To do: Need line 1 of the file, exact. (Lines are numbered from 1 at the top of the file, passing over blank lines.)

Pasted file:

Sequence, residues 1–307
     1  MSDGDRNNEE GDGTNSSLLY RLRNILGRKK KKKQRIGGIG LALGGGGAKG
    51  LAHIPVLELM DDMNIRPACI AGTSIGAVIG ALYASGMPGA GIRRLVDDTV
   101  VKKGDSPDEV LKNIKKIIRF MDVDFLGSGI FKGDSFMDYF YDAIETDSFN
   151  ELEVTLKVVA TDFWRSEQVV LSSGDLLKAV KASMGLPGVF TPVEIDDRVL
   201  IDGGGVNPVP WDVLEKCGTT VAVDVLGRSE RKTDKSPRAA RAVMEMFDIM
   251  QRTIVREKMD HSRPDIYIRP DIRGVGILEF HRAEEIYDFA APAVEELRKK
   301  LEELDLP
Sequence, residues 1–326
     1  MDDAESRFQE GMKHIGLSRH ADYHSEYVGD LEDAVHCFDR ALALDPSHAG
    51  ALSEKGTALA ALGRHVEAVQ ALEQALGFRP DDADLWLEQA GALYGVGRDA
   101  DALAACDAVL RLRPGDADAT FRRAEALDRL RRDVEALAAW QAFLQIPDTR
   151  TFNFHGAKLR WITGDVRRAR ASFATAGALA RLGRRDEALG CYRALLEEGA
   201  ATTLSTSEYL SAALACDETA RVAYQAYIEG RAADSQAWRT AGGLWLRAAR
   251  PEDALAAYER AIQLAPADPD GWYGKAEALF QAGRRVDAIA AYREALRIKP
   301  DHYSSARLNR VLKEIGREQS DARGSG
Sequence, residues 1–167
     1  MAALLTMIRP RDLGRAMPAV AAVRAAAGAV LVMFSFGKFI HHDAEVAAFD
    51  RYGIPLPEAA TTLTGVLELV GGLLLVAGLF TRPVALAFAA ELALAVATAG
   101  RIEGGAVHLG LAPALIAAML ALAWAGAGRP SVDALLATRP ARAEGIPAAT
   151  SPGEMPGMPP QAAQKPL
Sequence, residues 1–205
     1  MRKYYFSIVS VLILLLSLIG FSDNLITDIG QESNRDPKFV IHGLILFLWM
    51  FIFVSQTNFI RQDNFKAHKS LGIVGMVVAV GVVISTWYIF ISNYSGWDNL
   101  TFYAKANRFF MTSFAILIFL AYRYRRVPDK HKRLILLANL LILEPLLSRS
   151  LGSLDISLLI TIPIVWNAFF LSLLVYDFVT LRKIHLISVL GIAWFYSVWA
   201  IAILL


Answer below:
Sequence, residues 1–307